Higher vitamin D levels linked to better outcomes in breast cancer

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A recent study from Kaiser Permanente and elsewhere found that women with higher vitamin D levels in the body following a breast cancer diagnosis had much better long-term outcomes.

Vitamin D is a nutrient best known for its role in maintaining healthy bones; conversely, vitamin D deficiency has been associated with the risk for several cancers.

Common sources of vitamin D include sun exposure, fatty fish oils, vitamin supplements, and fortified milk and cereals.

While the mechanisms for how vitamin D influences breast cancer outcomes are not well understood, researchers believe it may be related to its role in promoting normal mammary-cell development, and inhibiting the reproduction of and promoting the death of cancer cells.

In the study, the researchers examined 1,666 patients with breast cancer.

Participants provided blood samples within two months of diagnosis and answered questions about diet, lifestyle, and other risk factors, with follow-ups at six months and at two, four, six, and eight years.

The team found high vitamin D levels were linked to lower death risks among all breast cancer survivors.

They found even stronger associations among younger women in the highest third of vitamin D levels for breast cancer-specific (63% better), recurrence-free (48% better), and invasive-disease-free survival (42% better), during a median follow-up of seven years.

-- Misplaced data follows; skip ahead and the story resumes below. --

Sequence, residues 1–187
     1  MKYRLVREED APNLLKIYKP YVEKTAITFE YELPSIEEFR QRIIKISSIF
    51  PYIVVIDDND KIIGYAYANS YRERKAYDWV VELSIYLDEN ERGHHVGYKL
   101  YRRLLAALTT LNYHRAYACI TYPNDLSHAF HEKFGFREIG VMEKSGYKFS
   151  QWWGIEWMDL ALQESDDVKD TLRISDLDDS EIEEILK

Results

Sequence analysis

Although the study did not examine the effects of vitamin D intake from foods versus supplements, the team noted that it supports the recommended daily levels of vitamin D (600 IU for those 1 to 70 years old and pregnant or breastfeeding women, and 800 IU for those over 71 years old).

The researchers say that the more they know about vitamin D, the more they understand that it may play a key role in cancer prevention and prognosis.

This study adds to the evidence that vitamin D is an important nutrient.

If you care about breast cancer, please read studies about a new warning sign for breast cancer and mammograms over-diagnose 1 in 7 breast cancers in the U.S.

If you care about breast cancer, please read studies about walnut that may change genes in breast cancer, improve survival, and new advances in breast cancer screening and treatment.

The study was published in JAMA Oncology and conducted by Lawrence H. Kushi et al.

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